The ECB has been challenged to do more to ensure its junior participation schemes are made relevant to the South Asian cricketing community, following a new study that has revealed a potentially devastating reduction in council-run cricket pitches in the wake of the Covid-19 outbreak.

Writing in the National Asian Cricket Council newsletter, chairman Gulfraz Riaz cited the findings of a recent report by the Grounds Management Association, which estimates that cricket - with its specialised requirements for pitch maintenance - could be the hardest-hit sport in the UK post-Covid, with more than half of its playing capacity lost in the coming decade, compared to a fifth for rugby and football.

And this, in turn, could put huge pressure on the Asian cricketing community, which is estimated to represent between 30 and 35% of all active cricketers in the UK, but - unlike the club structure of traditional English cricket - is based overwhelmingly on a complex network of parks leagues that the ECB, through its county boards, has so far struggled to support through the pandemic.

Writing in the newsletter, Riaz says that the Covid outbreak has had a "hugely detrimental and potentially even longer-lasting effect on the South Asian Parks Cricketing Community (SAPCC) up and down the country," and adds that, while the community remains self-sufficient for now, "the first small signs of cracks have started to appear" in the decades-old league structures, not least because young British Asians are as tempted as their white-British counterparts by alternative forms of recreation.

"The problems at hand are two-fold," Riaz wrote. "Firstly in terms of very real and meaningful engagement with the next generation of young Asian players and secondly the unfortunate case of still being left to play on substandard local authority grounds and facilities. These are incredibly alarming signs [but] something actually we should not be too surprised to see."

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The ECB launched the South Asian Action Plan in May 2018 with the aim of engaging more effectively with South Asian communities at every level of the game. And while the board admitted from the outset that there was no "quick fix" to the status quo, it has since invested significantly in the sort of publicly-accessible facilities that the parks leagues rely on, including a new partnership in Manchester that will deliver 92 new all-weather pitches across every borough of the city.

However, recreational cricket in England and Wales remains suspended indefinitely due to the pandemic, which means that the ECB's hopes of building on the extraordinary success of last summer's World Cup and Ashes series have also taken a hit.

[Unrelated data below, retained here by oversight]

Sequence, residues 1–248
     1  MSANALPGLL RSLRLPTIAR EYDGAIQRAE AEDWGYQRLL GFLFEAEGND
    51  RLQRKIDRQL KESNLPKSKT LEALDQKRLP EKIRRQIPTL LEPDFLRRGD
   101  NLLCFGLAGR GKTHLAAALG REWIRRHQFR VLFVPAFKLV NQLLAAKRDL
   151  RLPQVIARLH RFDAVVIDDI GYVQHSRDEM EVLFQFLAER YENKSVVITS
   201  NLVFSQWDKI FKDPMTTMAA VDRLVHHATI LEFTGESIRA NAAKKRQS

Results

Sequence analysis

And while Riaz acknowledged that the ECB's All-Stars programme, aimed at 5 to 8-year-olds, and the new Dynamos scheme for 8 to 11-year-olds were "very welcome additions", he warned that their club-based points of delivery meant that the parks leagues had been "bypassed" on that front.

"It is absolutely imperative therefore that the drivers of these programmes listen, understand and find very real and meaningful ways to directly engage with the cricketing heads from these leagues," he wrote, "and most importantly get a grip in helping sustain and grow cricket within the SAPCC and youngsters from this important section of the national cricketing community."

The UK economy shrank by more than 20% in April due to the Covid lockdown, and speaking to ESPNcricinfo, Riaz acknowledged that local authorities could not be expected to prioritise council-run cricket pitches over and above other key public services, such as maintaining highway verges and cemeteries.

But, he added, the economic downturn was bound to have knock-on effects on Asian participation in particular when cricket does resume, and stressed that, two years on from the launch of the South Asian Action Plan, it was the duty of county boards to find a way to ensure that the ECB's offers of financial support during the pandemic were able to filter down to the parks communities.

"The driving force for the Asian cricket community are its leagues," said Riaz. "These are made up of teams drawn up from taxi ranks and restaurants. They are not constituted, they don't have bank accounts, they are set up in an individual's name, and that causes problems when funding needs to be transferred.

"Asian cricket has previously thrived on a pay-as-you-play structure," he added. "These teams don't have gas and electricity bills - they don't even have clubhouses - so in some ways they are immune to the economics. But if these same players are obliged to put food on the table rather than play cricket when their businesses do reopen, then we will be looking at a huge decline in numbers."

Responding to the points raised, a ECB spokesman told ESPNcricinfo that the board was committed to making all of its programmes welcoming and diverse as part of the South Asian Action Plan. Citing the initiative in Manchester, he added that 17 of those new pitches would be introduced in parks and playing fields in Greater Manchester this year, and that, nationally, 549 female South Asian volunteers had so far been recruited to help deliver the All Stars programme in key inner-city areas.

"We continue to talk regularly to our County Cricket Boards (CCBs) and our leagues and clubs across the country to understand the needs of those reliant on public facilities as the social restrictions begin to ease, to offer support and to match them with additional cricket facilities where appropriate," the spokesman added.

Andrew Miller is UK editor of ESPNcricinfo. He tweets at @miller_cricket